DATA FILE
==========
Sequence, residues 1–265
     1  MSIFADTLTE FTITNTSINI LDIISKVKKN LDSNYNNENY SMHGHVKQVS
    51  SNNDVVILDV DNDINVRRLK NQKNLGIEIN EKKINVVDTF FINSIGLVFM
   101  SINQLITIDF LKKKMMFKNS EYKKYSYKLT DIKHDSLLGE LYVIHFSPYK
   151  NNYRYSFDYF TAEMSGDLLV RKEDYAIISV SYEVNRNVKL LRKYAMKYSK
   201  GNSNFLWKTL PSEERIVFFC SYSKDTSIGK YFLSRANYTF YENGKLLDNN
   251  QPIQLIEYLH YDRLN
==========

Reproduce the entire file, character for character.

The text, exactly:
Sequence, residues 1–265
     1  MSIFADTLTE FTITNTSINI LDIISKVKKN LDSNYNNENY SMHGHVKQVS
    51  SNNDVVILDV DNDINVRRLK NQKNLGIEIN EKKINVVDTF FINSIGLVFM
   101  SINQLITIDF LKKKMMFKNS EYKKYSYKLT DIKHDSLLGE LYVIHFSPYK
   151  NNYRYSFDYF TAEMSGDLLV RKEDYAIISV SYEVNRNVKL LRKYAMKYSK
   201  GNSNFLWKTL PSEERIVFFC SYSKDTSIGK YFLSRANYTF YENGKLLDNN
   251  QPIQLIEYLH YDRLN